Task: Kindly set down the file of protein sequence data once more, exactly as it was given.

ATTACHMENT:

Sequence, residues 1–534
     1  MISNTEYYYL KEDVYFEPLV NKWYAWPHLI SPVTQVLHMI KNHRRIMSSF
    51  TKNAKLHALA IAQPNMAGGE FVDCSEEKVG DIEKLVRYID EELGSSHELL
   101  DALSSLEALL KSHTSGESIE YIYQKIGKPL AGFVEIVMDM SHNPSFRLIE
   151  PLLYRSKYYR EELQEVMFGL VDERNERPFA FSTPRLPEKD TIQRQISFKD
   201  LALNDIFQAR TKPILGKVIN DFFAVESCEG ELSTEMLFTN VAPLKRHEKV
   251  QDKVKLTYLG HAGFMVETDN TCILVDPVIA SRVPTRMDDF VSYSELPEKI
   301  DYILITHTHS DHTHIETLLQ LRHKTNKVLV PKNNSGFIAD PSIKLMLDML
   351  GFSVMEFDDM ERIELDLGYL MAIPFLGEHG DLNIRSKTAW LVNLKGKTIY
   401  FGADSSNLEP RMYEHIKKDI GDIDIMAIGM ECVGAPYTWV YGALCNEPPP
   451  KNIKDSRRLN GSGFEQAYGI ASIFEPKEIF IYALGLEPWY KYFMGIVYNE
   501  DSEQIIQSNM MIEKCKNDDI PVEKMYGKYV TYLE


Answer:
Sequence, residues 1–534
     1  MISNTEYYYL KEDVYFEPLV NKWYAWPHLI SPVTQVLHMI KNHRRIMSSF
    51  TKNAKLHALA IAQPNMAGGE FVDCSEEKVG DIEKLVRYID EELGSSHELL
   101  DALSSLEALL KSHTSGESIE YIYQKIGKPL AGFVEIVMDM SHNPSFRLIE
   151  PLLYRSKYYR EELQEVMFGL VDERNERPFA FSTPRLPEKD TIQRQISFKD
   201  LALNDIFQAR TKPILGKVIN DFFAVESCEG ELSTEMLFTN VAPLKRHEKV
   251  QDKVKLTYLG HAGFMVETDN TCILVDPVIA SRVPTRMDDF VSYSELPEKI
   301  DYILITHTHS DHTHIETLLQ LRHKTNKVLV PKNNSGFIAD PSIKLMLDML
   351  GFSVMEFDDM ERIELDLGYL MAIPFLGEHG DLNIRSKTAW LVNLKGKTIY
   401  FGADSSNLEP RMYEHIKKDI GDIDIMAIGM ECVGAPYTWV YGALCNEPPP
   451  KNIKDSRRLN GSGFEQAYGI ASIFEPKEIF IYALGLEPWY KYFMGIVYNE
   501  DSEQIIQSNM MIEKCKNDDI PVEKMYGKYV TYLE